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If Music Executives Have Their Way, Music Streaming Could Come to an End in 2016

Why would the music industry be willing to kill off streaming music? The answer is greed.

Photo Credit: Shutterstock

Most people think of the Library of Congress as a repository of our nation's history. But it also runs the powerful Copyright Royalty Board, which is empowered to make critical determinations on royalty rates paid to music companies and musicians.

Needless to say, billions of dollars are at stake and this week the Royalty Board will gather for testimony to review the current pricing structure for music companies and musicians. For popular Internet streaming sites like Pandora and iHeartRadio and the millions of Americans who enjoy getting their music through the Internet, the board's decision will have a dramatic impact on the future of music.

Photo Credit: Shutterstock

With over 70 million Americans enjoying streaming music, one would think it is a profitable enterprise.

It isn't.

The Royalty Board has set rates so high, that more than half of all revenue generated by these sites goes straight out the door in the form of royalty payments. A quick glace at streaming music companies profit and loss statement show they are not awash cash. In fact, Pandora, despite over millions of satisfied listeners, is losing money.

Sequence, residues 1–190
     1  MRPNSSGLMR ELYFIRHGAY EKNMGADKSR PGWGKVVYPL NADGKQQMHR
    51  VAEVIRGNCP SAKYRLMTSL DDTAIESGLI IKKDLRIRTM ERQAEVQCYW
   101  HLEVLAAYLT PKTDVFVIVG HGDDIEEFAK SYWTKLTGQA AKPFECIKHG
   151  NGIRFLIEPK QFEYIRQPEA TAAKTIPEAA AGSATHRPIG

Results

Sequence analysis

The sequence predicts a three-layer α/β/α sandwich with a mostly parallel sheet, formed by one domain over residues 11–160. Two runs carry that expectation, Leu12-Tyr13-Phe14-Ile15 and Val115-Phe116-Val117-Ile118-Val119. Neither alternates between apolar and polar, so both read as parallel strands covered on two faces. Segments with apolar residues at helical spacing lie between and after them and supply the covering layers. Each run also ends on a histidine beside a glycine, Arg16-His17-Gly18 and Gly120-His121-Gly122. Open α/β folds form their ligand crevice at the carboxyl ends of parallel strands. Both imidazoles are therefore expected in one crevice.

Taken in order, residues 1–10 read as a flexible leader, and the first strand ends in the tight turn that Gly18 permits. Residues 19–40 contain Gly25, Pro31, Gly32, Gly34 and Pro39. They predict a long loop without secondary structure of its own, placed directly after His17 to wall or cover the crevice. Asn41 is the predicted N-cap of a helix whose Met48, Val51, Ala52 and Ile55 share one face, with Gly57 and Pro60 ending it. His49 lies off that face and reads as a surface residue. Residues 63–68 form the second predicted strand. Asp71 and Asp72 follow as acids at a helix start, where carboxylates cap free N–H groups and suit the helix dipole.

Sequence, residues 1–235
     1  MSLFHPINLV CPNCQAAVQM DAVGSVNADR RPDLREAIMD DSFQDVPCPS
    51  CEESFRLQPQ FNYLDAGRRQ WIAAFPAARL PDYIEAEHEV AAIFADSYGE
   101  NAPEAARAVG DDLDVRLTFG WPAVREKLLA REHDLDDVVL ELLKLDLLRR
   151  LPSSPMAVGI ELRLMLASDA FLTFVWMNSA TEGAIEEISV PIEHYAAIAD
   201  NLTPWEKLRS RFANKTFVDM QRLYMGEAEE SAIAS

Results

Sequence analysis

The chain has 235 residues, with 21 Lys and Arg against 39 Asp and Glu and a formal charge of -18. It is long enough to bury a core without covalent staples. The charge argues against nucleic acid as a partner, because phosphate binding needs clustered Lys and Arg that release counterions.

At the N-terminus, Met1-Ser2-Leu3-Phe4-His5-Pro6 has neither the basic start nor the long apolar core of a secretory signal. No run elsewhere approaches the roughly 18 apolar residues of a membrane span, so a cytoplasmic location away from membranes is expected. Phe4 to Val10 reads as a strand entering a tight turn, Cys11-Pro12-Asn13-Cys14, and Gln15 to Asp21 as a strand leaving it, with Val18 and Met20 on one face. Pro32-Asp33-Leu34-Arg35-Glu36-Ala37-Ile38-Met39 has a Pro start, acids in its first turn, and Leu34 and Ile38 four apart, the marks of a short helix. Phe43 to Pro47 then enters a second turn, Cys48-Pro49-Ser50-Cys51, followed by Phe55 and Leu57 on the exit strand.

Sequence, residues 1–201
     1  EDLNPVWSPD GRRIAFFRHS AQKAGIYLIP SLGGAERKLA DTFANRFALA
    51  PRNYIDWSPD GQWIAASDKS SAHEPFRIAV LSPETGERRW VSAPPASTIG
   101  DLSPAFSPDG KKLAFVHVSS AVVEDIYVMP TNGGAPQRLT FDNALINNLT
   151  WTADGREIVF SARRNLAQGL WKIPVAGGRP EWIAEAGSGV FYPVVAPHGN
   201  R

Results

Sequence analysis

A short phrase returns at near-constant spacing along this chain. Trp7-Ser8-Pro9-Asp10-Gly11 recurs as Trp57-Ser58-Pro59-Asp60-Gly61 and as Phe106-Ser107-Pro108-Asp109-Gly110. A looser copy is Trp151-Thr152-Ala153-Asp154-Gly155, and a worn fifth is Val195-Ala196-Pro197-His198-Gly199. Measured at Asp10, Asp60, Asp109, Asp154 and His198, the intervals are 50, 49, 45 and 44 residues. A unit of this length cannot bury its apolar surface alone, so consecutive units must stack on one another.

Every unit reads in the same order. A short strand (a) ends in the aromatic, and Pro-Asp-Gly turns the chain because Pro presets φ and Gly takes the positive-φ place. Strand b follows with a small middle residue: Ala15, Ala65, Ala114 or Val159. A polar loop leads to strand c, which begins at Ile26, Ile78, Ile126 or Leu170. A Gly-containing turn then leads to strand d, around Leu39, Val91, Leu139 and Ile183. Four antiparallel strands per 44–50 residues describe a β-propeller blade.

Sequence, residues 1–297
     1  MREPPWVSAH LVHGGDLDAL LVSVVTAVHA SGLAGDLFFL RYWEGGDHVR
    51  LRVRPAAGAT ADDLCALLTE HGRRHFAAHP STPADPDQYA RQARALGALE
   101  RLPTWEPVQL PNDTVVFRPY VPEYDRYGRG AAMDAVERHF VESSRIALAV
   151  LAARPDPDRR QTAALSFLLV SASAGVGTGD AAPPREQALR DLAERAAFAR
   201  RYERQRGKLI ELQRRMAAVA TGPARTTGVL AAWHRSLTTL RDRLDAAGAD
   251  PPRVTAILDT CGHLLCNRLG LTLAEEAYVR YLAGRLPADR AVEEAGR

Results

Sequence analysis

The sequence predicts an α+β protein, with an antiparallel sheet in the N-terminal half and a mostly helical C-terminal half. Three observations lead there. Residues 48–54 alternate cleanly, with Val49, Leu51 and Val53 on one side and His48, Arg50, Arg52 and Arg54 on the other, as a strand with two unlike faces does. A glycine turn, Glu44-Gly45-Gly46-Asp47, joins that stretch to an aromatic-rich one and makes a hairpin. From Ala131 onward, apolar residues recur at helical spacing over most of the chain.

Now a campaign by the music industry is underway to jack up the royalty rates further. Such a decision could be a death knell for the industry.

Why would the music industry be willing to kill off streaming music?

The answer is greed.

The music industry has always been an enemy of technology. Their business model is based on a century-old system and they appear unwilling or unable to change. Some believe that if streaming music goes away, Americans will rush to record stores to buy CDs -- a more profitable venture for big music companies.

The Royalty Board is expected to issue a decision by December. The judges will determine whether consumers will be allowed to continue to enjoy popular music streaming services – or not.

On behalf of the millions of Americans who enjoy streaming music, one can only hope that the Royalty Board does not give into the demands of record industry lobbyists. They should side with consumers, not record company executives, and keep the fees low.

TheBlaze contributor channel supports an open discourse on a range of views. The opinions expressed in this channel are solely those of each individual author.

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